Porter said he is certain the state has sent a response to the letter from the port authority.
State help rebuffedBut dealing with the port authority has been an exercise in frustration, he said, because the entity has repeatedly rebuffed the state’s offers to help with analysis of the project.
“One of the reasons we contracted with PFC Energy was because we could not get the port authority to do the research, themselves. We even offered to pay $25,000 to help them do the scoping to understand their project, and they refused,” he said. “If they won’t do the research, we will. Frankly, I can’t understand why the port authority won’t do the scoping, when, in essence, they could do it for free. The offer still stands.” Porter said Revenue has been stymied in its efforts to analyze the port authority’s project by an ongoing lack of cooperation from the entity.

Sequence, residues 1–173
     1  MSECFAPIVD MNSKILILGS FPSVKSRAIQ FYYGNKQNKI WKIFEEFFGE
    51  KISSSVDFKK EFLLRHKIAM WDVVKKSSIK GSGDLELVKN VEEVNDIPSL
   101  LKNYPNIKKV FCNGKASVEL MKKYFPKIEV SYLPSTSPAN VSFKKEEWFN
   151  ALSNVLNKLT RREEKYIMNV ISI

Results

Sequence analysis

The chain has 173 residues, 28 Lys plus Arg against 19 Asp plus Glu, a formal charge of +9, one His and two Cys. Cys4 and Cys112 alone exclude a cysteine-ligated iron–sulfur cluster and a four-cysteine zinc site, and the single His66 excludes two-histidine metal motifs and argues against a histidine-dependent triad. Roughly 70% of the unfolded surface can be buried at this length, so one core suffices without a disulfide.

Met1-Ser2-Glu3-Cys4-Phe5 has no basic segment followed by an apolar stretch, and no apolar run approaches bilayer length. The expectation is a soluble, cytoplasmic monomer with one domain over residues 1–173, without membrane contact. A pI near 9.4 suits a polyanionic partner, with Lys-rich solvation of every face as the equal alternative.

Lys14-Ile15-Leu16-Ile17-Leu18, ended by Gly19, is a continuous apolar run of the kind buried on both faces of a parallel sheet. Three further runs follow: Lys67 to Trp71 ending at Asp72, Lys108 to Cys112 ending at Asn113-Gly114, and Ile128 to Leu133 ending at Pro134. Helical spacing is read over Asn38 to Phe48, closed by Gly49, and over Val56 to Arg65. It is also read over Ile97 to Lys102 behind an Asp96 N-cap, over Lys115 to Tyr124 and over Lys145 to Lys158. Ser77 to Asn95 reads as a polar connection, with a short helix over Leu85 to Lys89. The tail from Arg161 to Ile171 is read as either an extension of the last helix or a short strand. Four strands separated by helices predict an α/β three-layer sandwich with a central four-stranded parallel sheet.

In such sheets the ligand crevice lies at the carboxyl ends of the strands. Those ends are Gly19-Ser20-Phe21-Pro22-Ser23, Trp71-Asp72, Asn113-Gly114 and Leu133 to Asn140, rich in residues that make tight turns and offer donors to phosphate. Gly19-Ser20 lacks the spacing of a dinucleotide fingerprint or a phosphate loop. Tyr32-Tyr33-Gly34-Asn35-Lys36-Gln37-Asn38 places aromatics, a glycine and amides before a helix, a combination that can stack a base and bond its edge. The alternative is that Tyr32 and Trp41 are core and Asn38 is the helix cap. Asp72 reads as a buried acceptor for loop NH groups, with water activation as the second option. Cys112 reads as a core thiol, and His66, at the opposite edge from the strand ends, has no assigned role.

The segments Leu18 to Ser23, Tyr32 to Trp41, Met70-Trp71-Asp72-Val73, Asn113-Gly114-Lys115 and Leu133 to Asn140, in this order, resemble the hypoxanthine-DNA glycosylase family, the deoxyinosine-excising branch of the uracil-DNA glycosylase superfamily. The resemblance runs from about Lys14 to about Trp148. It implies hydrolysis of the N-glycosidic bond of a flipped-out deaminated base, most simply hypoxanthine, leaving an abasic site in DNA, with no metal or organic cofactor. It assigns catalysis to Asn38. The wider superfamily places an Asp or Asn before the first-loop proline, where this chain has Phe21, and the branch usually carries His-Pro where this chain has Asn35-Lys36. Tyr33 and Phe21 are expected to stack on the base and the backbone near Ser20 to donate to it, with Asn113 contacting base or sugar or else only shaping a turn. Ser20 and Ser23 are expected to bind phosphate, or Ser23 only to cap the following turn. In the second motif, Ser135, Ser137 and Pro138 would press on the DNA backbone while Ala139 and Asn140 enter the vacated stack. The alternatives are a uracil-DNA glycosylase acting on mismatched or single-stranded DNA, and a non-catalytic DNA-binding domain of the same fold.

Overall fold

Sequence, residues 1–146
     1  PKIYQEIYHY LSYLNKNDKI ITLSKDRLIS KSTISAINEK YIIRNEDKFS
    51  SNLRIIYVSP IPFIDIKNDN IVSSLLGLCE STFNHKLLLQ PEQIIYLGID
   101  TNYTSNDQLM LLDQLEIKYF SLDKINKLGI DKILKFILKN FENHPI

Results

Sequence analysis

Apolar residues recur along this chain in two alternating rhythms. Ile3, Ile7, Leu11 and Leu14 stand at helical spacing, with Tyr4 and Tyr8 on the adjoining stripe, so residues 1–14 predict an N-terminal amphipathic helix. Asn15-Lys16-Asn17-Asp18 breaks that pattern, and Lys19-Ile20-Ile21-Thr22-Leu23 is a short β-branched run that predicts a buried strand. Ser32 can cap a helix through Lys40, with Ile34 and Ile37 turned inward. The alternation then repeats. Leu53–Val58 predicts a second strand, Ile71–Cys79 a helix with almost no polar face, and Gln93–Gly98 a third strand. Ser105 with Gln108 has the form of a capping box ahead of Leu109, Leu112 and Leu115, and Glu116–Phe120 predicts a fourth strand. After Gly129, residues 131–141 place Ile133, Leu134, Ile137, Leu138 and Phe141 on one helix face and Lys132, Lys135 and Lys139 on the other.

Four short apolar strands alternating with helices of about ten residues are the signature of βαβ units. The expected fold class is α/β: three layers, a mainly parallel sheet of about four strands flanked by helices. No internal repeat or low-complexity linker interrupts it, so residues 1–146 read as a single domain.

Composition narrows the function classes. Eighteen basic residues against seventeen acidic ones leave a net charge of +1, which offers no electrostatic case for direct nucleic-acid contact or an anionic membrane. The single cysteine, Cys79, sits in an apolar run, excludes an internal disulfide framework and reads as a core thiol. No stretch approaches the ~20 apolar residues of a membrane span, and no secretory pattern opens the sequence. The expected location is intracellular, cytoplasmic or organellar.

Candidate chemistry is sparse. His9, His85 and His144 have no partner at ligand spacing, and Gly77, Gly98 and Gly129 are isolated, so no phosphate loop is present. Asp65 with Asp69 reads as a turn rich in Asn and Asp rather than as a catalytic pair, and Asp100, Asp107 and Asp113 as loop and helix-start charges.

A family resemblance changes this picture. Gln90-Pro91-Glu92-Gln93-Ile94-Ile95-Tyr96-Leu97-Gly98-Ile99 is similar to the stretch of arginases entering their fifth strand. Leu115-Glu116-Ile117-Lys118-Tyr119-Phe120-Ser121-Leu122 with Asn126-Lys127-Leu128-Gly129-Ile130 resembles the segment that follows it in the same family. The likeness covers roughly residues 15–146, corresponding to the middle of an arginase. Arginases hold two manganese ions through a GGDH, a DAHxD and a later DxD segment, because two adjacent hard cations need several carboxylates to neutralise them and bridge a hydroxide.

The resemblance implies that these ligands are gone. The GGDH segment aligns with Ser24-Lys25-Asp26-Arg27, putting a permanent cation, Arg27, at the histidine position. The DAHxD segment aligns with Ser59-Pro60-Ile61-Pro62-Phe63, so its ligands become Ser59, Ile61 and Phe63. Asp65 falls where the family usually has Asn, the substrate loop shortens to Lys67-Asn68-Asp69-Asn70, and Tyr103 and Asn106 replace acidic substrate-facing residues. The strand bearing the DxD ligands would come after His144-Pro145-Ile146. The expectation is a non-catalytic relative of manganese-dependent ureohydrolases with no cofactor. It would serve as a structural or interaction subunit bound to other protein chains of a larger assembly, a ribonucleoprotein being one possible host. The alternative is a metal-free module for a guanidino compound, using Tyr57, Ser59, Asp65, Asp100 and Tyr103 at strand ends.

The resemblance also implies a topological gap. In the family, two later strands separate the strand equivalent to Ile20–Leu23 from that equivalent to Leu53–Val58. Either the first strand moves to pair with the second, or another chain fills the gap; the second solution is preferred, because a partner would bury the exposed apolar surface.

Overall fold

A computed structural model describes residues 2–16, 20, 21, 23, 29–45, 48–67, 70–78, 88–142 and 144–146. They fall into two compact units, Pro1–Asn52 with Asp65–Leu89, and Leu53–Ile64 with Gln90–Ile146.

“We offered to help them get a project manager. Instead they added an additional title of project manager to Bill Walker’s name. That’s not what we meant,” he said. “We need them to move forward with the analysis of their project. It’s very important for the state to understand the LNG project. The port authority has not done it, so we will do it.”